Some time has passed but here is the update.
I have made the mold boards out of laminated hardboard; I have reinforced it by means of a longitudinal piece of the same hardboard.
Moldboard with contours in pencil
The masters were prepared, polishing with automotive polish several times until one could use them as an mirror. Next I have applied the release wax, 5 coats in total, polishing the masters between the coats. Finally I have applied the release liquid with a soft cloth. The masters were ready to receive the gel coat.
The master were presented to the mold board and the contours were copied to the mold board by pencil. I was pondering about how to attach the master to the board. In first wanted the use screws but let the idea go. Finally I have opted to use some special modeling clay, when it is heated (microwave) the stuff becomes really soft almost in a liquid state. My intention was to heat the modeling clay, make a string, apply the string on the molding board following the contours in pencil, then to press the masters onto the molding board squeezing the modeling clay. I had to make another approach because the moment the modeling clay made contact with de cold board the clay hardened and could not be squeezed anymore. So finally I made thin strings of modeling clay, laid it on the molding board on the contours and heated the stuff up with a paint stripper until it became really soft then pressed the master on the molding boards. The modeling clay squeezed out nicely and the after it was cured the masters were perfectly attached to the board. The excess of the clay was cut away leaving an nice seem between the board and the masters.
Seem between master and board
To make the molds I have purchased two 2 m² of 150gr glassfibre cloth, 1 kg of gel coat, 2kg of polyester resin, release wax and release liquid.
I had also purchased an good quality half face reusable respirator with adequate filter elements to protect myself against the nice vapor of the polyester resins.
Now everything was ready to apply the gel coat…..it was really strange to cover the nice and shiny master with the gel coat logically one expect this will turn out really bad
I laid down two coats of gel coat with the necessary curing time in-between, then applied the polyester resin with the cloth. After the last coat was applied on the 2nd master I started to clean up everything. It has been a long day, started at 8h00 and finished at 22h00. When I picked up the measurement can for the hardener my hart jumped over a few times I noted the hardener of the last coat was still in the can…..After some nice vocabulary that lasted several minutes I took the decision to apply pure hardener with a brush on the last coat of resin and hoped for the best.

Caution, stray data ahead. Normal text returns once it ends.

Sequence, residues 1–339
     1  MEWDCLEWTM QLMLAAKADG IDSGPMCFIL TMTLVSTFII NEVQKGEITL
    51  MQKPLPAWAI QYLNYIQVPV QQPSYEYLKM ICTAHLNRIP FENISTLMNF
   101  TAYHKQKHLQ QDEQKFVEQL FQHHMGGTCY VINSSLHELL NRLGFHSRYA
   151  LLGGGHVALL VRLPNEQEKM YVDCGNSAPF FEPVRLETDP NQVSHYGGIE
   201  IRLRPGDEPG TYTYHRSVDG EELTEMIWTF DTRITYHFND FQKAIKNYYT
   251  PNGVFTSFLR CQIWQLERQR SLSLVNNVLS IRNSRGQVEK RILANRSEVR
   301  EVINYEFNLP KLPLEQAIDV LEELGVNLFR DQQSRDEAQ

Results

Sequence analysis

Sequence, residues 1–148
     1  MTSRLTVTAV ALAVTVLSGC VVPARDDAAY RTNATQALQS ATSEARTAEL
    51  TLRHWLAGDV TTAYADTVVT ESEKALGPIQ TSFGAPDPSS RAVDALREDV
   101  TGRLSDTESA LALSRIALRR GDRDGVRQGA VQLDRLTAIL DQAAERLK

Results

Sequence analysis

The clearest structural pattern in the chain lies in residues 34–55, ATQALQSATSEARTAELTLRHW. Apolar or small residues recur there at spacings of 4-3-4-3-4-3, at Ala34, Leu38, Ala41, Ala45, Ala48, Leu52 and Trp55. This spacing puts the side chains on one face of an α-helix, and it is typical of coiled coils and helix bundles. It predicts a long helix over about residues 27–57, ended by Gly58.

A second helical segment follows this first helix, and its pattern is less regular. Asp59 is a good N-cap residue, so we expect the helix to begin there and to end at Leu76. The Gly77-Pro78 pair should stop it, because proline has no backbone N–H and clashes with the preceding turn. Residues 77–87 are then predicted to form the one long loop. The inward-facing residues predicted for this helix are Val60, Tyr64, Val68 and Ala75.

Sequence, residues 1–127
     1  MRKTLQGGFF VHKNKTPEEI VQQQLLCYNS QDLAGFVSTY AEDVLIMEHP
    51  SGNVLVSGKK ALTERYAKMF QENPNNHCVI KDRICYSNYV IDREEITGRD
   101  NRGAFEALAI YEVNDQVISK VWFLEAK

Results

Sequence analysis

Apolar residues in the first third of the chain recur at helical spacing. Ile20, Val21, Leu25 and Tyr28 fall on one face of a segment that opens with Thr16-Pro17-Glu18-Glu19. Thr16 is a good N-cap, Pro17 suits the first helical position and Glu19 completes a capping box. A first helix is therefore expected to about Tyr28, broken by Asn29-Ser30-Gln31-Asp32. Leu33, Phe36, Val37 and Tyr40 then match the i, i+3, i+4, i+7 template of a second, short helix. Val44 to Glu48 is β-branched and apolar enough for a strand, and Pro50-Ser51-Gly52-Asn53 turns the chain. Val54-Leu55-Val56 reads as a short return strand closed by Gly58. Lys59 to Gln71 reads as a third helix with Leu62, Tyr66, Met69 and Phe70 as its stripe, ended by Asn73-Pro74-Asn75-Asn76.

The next day (very early in the morning) I rushed to the garage to see if my attempt to rectify my stupid mistake worked. I was surprised to see that it had worked quite well, only some miner spots on the 2nd master mold were not cured.
Gel coat applied
I left the everything cure further fore Five days, then I tried to extract the masters out of the molds. At first I thought that everything was clued to each other I could not remove the masters, but with some gently applied force (read: red face, pumping veins) I managed to removed them. I was a little disappointed to see that pieces of the master remained in the mold, what went wrong?
I place the whole in my boot and drove to the Polyester store for advice. First of all he told me that for a first mold it was a very good result, I told him I did everything by the book. He suspected that de automotive paint did not cope with the resin of the polyester as it is an one component paint.
After the molds were cleaned and the pieces of the master removed (gently sanded), I was pleased with the result. But the clueing of the master to the mold kept crossing my mind. The paint is protected by the wax and I had applied 5 layers? I applied a layer of wax on a undamaged part of the master and polished it as I did before. I inspected the surface of the master and found it was shining but could not find any trace of the wax, I had polished so hard that I had removed the wax! Now I had found what I have done wrong. This lesson I will remember when waxing the molds.
What I also noted on my molds is traces (brush marks) of the release liquid, even though I used a cloth to apply the liquid. So for making the actual hulls I will spray the release liquid to the molds. But I did not have an air compressor (it was still on my which list).
Damage to the masters
Molds after cleaning
As my workshop is in the basement of the house an regular compressor was not an option due to the noise it would create keeping the children awake. I now have an silent air compressor that has also the possibility to hook up a vacuum pot.
I’m waiting for the paintbrush I ordered through the internet and then I will start to make the actual hulls. Meanwhile I can make the vacuum pot to place on top the compressor and connect it to one of the two available suction lines of the compressor.
That’s it for now…… see you next update.
Practical wisdom is only to be learned in the school of experience.